Oh, goodie!

Now this is something worth writing about!

I’m certain we are all very thankful and appreciative of modern-day medicine and healthcare. In the last 50 years, the medical field can boast an array of life-saving developments including antibiotics, vaccinations, imaging, angioplasty, statins, antiviral therapy for HIV, transplantation of vital organs, ACE inhibitors, and many others.

Needless to say, a lot of lives have been saved, and many more will be saved as the years pass.

Buuuut…

It was not always like that!

And now I can hear you saying “Duh, of course it wasn’t, Hanna! Thank you for stating the obvious!”

I know, I know! That’s kind of a redundant thing to say.

But I mean it. It really wasn’t always like that.

As in…things were dreadfully bad!

The Georgian Era—and by extension, the Regency Era—was not that long ago, if you think about how old the world is. It actually feels quite recent. And to be completely honest, it’s kind of depressing to think about how people treated illness back then.

I find myself imagining how very differently medical emergencies would have played out during the Regency. The Regency world has many differences from ours, but many similarities, as well—which of course is a part of what makes Jane Austen’s books so timeless. But the whole field of medicine was very, very different from what we know today.

(And thank God, for that!)

Medical practices in the Regency time-period were a fascinating blend of burgeoning science and cruel, almost torturous, traditions. During the Napoleonic wars more soldiers died of disease than they did on the battlefield. Conditions were awful for the sick and wounded. There were no nurses until the Crimean war. Wounded soldiers were picked up and carried off the field, not by medics, but by the regiment musicians. Or sometimes local peasants with carts. 

And just to give you a taste, let’s take a look at a few interesting facts about medicine and medical practices of the Romantic Era!

Medical Training 

There was no system of medical school training during the Regency, and only a very few hospitals. Those practicing medicine professionally could be classified as physicians, surgeons, or apothecaries—and the amount of social prestige that each received went in that order, too, with physicians having the most, and apothecaries the least.  Physicians were also the most expensive. In Jane Eyre, Jane mentions, “Mr. Lloyd, an apothecary, sometimes called in by Mrs. Reed when the servants were ailing; for herself and the children she employed a physician.”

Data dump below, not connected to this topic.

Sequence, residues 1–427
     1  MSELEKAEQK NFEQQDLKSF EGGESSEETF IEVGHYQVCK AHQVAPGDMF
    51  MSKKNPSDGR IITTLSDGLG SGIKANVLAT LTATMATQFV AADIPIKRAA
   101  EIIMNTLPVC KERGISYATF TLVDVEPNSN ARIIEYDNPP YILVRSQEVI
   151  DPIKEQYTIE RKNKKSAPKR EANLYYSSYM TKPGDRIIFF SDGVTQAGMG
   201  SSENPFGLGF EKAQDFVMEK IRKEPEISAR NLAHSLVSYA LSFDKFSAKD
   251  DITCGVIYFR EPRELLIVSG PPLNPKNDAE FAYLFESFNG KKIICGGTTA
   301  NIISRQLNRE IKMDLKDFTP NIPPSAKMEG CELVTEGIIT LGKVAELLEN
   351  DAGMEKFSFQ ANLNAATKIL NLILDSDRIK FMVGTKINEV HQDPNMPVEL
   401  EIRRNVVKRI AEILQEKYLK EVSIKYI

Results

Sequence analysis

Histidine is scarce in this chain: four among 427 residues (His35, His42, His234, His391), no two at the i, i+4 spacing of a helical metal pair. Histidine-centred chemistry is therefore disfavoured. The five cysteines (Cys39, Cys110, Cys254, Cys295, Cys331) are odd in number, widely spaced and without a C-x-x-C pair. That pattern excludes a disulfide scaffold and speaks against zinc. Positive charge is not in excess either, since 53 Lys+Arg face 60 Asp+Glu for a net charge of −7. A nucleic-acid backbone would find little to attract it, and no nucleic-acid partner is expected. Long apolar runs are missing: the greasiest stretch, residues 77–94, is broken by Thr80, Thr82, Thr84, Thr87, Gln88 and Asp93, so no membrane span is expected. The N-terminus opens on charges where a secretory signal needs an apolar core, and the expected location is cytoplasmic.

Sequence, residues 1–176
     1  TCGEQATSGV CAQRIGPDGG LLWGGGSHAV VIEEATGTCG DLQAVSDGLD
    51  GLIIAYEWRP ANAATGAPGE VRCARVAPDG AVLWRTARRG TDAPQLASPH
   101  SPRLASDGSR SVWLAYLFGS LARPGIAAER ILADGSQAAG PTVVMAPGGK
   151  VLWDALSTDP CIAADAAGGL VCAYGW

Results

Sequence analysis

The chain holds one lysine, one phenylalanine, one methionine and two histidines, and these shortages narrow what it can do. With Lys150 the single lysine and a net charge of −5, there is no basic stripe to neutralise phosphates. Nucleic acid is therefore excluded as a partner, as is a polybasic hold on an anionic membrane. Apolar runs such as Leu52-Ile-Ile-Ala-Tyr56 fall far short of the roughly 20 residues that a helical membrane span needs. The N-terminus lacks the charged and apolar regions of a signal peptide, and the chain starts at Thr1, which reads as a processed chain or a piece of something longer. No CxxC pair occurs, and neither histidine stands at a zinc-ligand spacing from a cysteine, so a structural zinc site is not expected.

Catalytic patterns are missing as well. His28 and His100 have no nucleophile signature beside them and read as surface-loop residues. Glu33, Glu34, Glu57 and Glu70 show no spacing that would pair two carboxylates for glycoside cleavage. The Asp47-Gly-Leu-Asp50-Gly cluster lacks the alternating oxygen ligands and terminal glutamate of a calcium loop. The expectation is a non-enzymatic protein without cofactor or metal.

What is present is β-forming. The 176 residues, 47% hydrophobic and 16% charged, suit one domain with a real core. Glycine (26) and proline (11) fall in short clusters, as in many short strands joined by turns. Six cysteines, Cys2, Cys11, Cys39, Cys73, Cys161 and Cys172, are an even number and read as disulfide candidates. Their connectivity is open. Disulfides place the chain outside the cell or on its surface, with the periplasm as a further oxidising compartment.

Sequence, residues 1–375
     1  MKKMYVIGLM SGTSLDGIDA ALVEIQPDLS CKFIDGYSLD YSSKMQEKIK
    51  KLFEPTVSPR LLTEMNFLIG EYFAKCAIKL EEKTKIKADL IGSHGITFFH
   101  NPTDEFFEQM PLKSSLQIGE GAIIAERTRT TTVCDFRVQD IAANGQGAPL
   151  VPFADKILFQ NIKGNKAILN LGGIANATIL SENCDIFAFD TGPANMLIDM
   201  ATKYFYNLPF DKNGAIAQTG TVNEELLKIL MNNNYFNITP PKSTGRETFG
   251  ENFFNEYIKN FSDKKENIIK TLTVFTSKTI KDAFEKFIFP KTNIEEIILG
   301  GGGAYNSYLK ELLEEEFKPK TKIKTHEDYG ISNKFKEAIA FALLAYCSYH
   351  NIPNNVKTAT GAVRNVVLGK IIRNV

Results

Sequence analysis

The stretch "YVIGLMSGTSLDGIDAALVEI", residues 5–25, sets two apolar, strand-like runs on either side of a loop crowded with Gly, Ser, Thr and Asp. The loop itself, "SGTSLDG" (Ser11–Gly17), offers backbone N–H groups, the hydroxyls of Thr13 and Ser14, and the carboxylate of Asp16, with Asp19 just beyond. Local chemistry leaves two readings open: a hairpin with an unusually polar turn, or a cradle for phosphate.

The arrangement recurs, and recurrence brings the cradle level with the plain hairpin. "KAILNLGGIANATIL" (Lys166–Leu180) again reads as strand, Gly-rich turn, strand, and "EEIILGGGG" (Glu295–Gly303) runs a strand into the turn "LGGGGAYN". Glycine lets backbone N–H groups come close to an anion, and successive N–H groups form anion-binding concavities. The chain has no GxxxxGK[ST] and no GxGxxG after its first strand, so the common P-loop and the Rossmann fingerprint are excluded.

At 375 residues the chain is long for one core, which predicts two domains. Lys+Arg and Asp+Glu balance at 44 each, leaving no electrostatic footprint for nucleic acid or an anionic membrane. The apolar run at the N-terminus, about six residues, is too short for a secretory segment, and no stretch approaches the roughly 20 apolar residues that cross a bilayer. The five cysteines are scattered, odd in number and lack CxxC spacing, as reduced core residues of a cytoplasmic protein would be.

The Famous Surgeons

Physicians did not conduct operations, set broken bones, or even do serious physical exams. That would have meant working with their hands, which was not considered “gentlemanly”. All of those medical procedures would have been carried out by a surgeon. But anyone who thinks they would have chosen a surgeon over a physician if they’d been alive during the Regency might want to reconsider. You didn’t actually need a licence to practice surgery.

And that’s a very scary thought!

Don’t these look simply delightful?!

Bloodletting 

Bleeding was a common “cure” for ailments of all kinds. In 1824, the poet Lord Byron died, largely because of the violent bloodletting his doctors insisted on as a remedy for a feverish cold. Even soldiers who had lost a great deal of blood from their battle wounds would be bled to “reduce the blood flow”. It’s not really any wonder that far more soldiers in the Napoleonic wars died of complications after the battle than died in combat.

Regency Era doctors used black leather medical bags to store many of the instruments used by doctors today—lancets and scalpels and primitive syringes (mostly used, I’m afraid, to inject mercury into penises to cure venereal diseases). There were also weird and frightening instruments fortunately no longer used, like bleeding cups and uterine probes.

In one grisly account, a surgeon drastically bled a soldier following his surgery to reduce the blood flow. When the doctor still could not stop the patient’s profuse bleeding, he applied twelve leeches to his wound. The soldier awoke in agony, and plucked off the parasites and threw them. Amazingly, he survived to tell the tale, which is more a testament to his courage and fortitude than the medical care he received.

-Bloodletting 1638 Na Woman Using Leeches For Bloodletting Woodcut From Willem Van Den BosscheS Historia Medica Published In 1638

Dentistry 

Dentists were found only in larger cities. As with medical care, dentistry was rudimentary at best. Jane Austen’s own mother lost her front teeth before the age of forty! 

Poor woman!

– Dentist. 18th century caricature of a fat dentist with his struggling, overweight female patient. The patient is begging the dentist not to pluck her teeth out like he would the feathers of a pigeon. People who eat large amounts of sugary food are often both overweight and suffer from dental decay. Image drawn in 1797 by British artist Isaac Cruikshank (1756-1811).

 Childbirth

And speaking of poor women…not only did they have to endure the nine months of pregnancy with absolutely no help or professional advice—especially if they were women of the lower classes, which had to suffer harsh labor too—but, Doctors did not become involved in childbirth until later in the 19th century. During the Regency Era, a midwife or a ‘monthly nurse’ might be called in to assist at a birth, but often the birth was handled by the mother’s female relations. Childbirth was dangerous, and death during or after childbirth was quite common.